Come Cold River
Quattro Books Inc., 2013
When Come Cold River opens with the image of a poem as “another goddamn pervert/whetting his steel blade/against granite,” (13) I know this collection is going to slice open truths and expose painful landscapes. While many of the themes are dark, chilling even, Come Cold River is beautiful in its raw honesty.
Come Cold River takes its readers on a journey through old haunts, in and out of shadows. These poems show us dark alleys, barren roads, and broken homes, where women are diminished, grown skeletal, even reduced to a knuckle bone underfoot. I’ll admit, in her first section, Home for Good, some poems are so unsettling that Connelly had to tug me along by the hand. But her skillful revealing of these landscapes drew me in, and soon I longed to run my fingers through the cold river water with her.
In her poignant poem, “Enough,” Connelly unburies the women murdered by Pickton, not as skeletal remains, but as 68 fleshy women: mothers and daughters. She lifts them to the light of the page and honours their names. The poem captures the horror of the delayed investigation/slow news reveal in juxtaposition to the women’s first and last names. We feel the injustice of “how quickly/a woman disappears/under wet hooves/under police reports/lost/misfiled/and ignored.” (55) After finishing this poem, my thoughts echoed back to the final line of the poem “Home for Good:”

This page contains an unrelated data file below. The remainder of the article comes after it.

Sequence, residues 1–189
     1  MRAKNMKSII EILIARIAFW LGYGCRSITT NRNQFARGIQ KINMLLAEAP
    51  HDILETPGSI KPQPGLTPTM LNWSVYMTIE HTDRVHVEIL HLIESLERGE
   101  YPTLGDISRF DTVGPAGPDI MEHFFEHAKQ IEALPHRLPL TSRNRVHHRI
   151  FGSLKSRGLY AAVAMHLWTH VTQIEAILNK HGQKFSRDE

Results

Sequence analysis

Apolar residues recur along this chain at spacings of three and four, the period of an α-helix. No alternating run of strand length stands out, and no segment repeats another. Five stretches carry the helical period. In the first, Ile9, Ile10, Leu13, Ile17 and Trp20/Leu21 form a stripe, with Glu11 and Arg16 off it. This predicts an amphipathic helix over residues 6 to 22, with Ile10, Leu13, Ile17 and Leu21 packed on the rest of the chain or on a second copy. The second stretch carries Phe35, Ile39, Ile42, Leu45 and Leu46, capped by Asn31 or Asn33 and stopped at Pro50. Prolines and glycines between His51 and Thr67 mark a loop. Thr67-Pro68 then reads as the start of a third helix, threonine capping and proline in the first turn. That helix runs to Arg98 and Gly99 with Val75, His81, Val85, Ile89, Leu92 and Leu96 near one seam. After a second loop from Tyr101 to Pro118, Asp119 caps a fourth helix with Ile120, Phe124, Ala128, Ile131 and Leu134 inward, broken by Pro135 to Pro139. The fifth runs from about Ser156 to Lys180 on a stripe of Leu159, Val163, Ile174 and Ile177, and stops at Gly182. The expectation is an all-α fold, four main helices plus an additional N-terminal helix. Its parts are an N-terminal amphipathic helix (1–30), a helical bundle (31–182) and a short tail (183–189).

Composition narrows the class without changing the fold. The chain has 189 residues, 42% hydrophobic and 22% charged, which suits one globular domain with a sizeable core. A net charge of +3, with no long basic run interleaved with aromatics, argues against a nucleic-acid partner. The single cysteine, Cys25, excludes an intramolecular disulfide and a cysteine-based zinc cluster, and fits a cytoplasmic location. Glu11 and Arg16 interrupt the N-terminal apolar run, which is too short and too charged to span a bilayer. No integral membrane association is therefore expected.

Oh Canada, what do you really mean?
How can I sing you
This question resonates through the entire collection.
The poem that stayed with me the longest was from Awake, the second, quieter and more sensual section of the book. The poem, “Children,” is a conversation between a woman and her not-yet-born children who are arguing to be born:
Nothing deters these ones:
not this great slaughterhouse
Earth, not the bad genetics,
not even sullen poverty.
These innocent souls still “regard the newspaper without fear” (71) and don’t understand the truth about the world they want to be born into. After everything Connelly has shown us in Come Cold River, we empathize with the woman when she insists that these children are better off with the starlight as sustenance.
In the final section of the book, The Last Shelter, the poems delve further into memory. Even when an old home has been demolished, and Connelly raises the question, “What is the use of a people’s history?” (96) the Bow River remains constant. As a strong symbol for family history, mythology, and loss, Connelly also shows the river as a catalyst for forgiveness.
On Connelly’s acknowledgements page, she wrote that when her book was initially rejected for publishing, someone commented, “Haven’t we all heard these stories before? What new emotion or perspective can we find here regarding the murder and abuse of these women and children?” Connelly responded that she will never stop thinking about these critical questions. And when you read her book, neither will you.
Connelly offers her readers nothing but new emotions and perspectives. We witness abuse from a conflicted child’s perspective, hear a woman’s howl as closed wounds are re-opened and cleaned, and feel the vibration of an abuser’s footsteps on the front steps as he returns home. After reading “Enough,” we hold all the women’s names in our arms. Some of these perspectives are hard to hold, to bear witness to, but they should never be left buried without a voice.
Esther Griffin teaches English Literature and Creative Writing at Georgian College in Barrie, Ontario. Her poetry and fiction have been published in various anthologies, and she is currently pursuing her Optional Residency MFA in Creative Writing at the University of British Columbia.